Sacred Seeing: Entry into Jerusalem

A few years ago, the Community of Jesus published a little book, Sacred Seeing: Praying with the Frescoes in the Church of the Transfiguration. As we approached the New Year, it seemed like a good opportunity to share this simple guide to praying with the art here in the church, especially for those of you who aren’t able to come and see it for yourselves. Over the next several weeks, we will be sharing the meditations from the book. We hope that it helps to enrich your prayer life in 2017!

Entry into Jerusalem


Spend a few moments looking at the fresco image.
What do you find unusual about this image?
Describe any specific things in this fresco that strike you.

Read the Scripture: John 12:12-16
12 The next day the great crowd that had come to the festival heard that Jesus was coming to Jerusalem. 13 So they took branches of palm trees and went out to meet him, shouting,

Blessed is the one who comes in the name of the Lord—
    the King of Israel!”

14 Jesus found a young donkey and sat on it; as it is written:

15 “Do not be afraid, daughter of Zion.
Look, your king is coming,
    sitting on a donkey’s colt!”

16 His disciples did not understand these things at first; but when Jesus was glorified, then they remembered that these things had been written of him and had been done to him.

Some thoughts and questions to ponder
One of the first things we notice about this fresco is the color…or, rather, the lack of color. What is this image telling you?

Where is the source of light in this image? How might Isaiah 9:2 inform this particular interpretation of Jesus’ entry into Jerusalem?

John’s record of Jesus’ entry into Jerusalem is the simplest of the four Gospels and lacks some of the details contained in the other accounts (see Matthew 21:1-11, Mark 11:1-10, Luke 19:28-40). Why might to John’s Gospel have been chosen as the inspiration for this fresco panel?

The quotation in verse 15 is from Zachariah 9:9. What kind of kingdom is the prophet describing?

The other quotation (verse 13) is from Psalm 118:26. Read verse 27 as well. What more do these verses suggest is happening in this “triumphant procession”?

There are palms being waved in the air. But there’s also something else being waved in the air. What is it? How has the artist included it, and why?

Lord, I know that there are places of shadow in my life – places that I would rather keep hidden away; places that I’m afraid to look at; and, places that I do not even know about yet. I also know that there is no place too dark for you – no place is beyond your reach; no place is stronger than your love; and, no place is a secret to you. I have asked you to enter into my life – my whole life. So, when you start riding into the those dark places, like the one you were writing into today, give me the courage to welcome you, and the faith to pray, “Lord, save me.”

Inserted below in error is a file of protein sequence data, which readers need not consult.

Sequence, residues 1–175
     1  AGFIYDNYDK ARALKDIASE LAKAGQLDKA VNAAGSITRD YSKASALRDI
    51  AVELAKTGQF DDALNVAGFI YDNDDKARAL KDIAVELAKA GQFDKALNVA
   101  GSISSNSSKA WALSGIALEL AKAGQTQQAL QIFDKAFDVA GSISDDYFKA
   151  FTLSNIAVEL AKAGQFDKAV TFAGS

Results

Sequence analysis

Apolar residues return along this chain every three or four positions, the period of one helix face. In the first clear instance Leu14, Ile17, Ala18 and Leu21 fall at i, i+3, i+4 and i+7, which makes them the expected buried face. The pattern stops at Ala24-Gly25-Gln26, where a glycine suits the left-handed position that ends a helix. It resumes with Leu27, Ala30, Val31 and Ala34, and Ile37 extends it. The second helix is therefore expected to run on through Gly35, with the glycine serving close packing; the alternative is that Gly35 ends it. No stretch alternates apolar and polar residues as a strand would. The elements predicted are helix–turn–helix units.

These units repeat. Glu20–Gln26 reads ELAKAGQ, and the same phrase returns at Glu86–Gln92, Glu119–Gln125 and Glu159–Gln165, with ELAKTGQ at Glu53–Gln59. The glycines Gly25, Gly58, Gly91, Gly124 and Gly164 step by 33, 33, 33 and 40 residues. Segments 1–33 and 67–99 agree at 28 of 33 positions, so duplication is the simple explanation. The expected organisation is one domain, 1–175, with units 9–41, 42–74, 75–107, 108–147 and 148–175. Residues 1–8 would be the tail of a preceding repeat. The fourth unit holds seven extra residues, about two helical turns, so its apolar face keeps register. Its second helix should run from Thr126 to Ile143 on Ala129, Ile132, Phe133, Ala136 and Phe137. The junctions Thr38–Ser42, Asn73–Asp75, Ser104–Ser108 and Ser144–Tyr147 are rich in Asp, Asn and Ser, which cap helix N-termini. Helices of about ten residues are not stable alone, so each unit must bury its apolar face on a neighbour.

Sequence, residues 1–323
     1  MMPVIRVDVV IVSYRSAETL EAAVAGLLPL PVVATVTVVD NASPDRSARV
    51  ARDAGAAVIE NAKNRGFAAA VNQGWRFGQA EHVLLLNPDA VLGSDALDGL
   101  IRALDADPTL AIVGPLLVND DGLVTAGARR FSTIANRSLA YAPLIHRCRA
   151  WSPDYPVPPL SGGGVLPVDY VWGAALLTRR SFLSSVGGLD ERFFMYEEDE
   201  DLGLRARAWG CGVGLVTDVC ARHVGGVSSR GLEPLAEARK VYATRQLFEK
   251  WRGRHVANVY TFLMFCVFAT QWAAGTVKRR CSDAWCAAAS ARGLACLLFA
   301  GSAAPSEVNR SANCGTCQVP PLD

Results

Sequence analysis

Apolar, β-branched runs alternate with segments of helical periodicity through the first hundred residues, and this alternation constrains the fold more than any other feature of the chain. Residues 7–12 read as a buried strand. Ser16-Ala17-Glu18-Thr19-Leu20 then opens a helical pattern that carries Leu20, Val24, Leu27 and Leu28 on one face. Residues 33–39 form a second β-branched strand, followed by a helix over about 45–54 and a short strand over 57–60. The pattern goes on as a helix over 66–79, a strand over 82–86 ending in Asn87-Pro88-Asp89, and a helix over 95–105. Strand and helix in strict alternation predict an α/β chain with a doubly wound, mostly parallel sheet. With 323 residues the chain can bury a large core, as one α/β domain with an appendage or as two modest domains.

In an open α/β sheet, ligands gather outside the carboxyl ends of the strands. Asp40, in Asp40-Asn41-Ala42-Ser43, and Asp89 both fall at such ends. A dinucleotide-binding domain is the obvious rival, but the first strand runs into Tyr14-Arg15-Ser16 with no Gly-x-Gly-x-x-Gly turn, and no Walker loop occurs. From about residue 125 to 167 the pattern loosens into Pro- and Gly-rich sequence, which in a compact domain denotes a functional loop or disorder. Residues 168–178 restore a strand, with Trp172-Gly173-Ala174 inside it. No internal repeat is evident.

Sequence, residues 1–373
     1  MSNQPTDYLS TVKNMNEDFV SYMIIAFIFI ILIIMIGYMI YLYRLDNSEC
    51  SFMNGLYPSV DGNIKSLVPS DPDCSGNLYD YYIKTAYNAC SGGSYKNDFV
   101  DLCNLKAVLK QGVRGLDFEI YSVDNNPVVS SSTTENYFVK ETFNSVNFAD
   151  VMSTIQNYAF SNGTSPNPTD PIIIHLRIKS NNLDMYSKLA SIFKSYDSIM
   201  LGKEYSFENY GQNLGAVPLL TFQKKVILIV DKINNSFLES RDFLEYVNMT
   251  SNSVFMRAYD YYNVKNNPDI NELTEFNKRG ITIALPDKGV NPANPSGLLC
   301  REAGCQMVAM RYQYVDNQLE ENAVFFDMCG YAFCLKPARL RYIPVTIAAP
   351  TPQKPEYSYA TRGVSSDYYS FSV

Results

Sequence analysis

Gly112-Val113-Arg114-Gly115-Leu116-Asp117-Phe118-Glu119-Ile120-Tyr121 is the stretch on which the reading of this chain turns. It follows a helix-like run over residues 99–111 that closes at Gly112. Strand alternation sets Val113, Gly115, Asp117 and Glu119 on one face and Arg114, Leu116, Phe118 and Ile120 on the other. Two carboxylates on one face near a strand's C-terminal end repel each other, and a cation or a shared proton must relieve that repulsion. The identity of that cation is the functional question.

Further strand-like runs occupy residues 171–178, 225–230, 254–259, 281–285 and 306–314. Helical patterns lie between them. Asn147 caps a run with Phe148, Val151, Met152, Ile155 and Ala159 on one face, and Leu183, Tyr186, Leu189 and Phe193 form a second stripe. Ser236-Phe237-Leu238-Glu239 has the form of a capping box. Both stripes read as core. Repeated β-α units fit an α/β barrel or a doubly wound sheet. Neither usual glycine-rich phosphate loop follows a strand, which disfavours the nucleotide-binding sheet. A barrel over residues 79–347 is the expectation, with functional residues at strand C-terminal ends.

Lord, we are told that you made your way steadfastly to Jerusalem. No detours, no distractions, no diversions. I can hardly imagine. It seems that I am regularly tempted to turn back, or at least to veer off course, or to just stop and…well, to just stop. Whatever Jerusalem awaits me today, or tomorrow, or the next, I have no hope of getting there unless I stay with you. Matthew tells us that you used to beasts to enter the city. Could one be for you, and one for me, so I can stay by your side, and you can stay by mine?

A Word from the Tradition
In his humility, Christ entered the dark regions of our fallen world and he is glad that he became so humble for our sake, glad that he came and lived among us and shared in our nature in order to raise us up again to himself. His love for us will never rest until he has raised our earthbound nature from glory to glory, and made it one with his own in heaven. So let us read before his feet, not garments or Solis all of branches, but ourselves… We who have been baptized into Christ must ourselves be the garments that we spread before him. —From a sermon by Andrew of Crete (8th century)

Image: © Entry into Jerusalem by Silvestro Pistolesi at the Church of the Transfiguration

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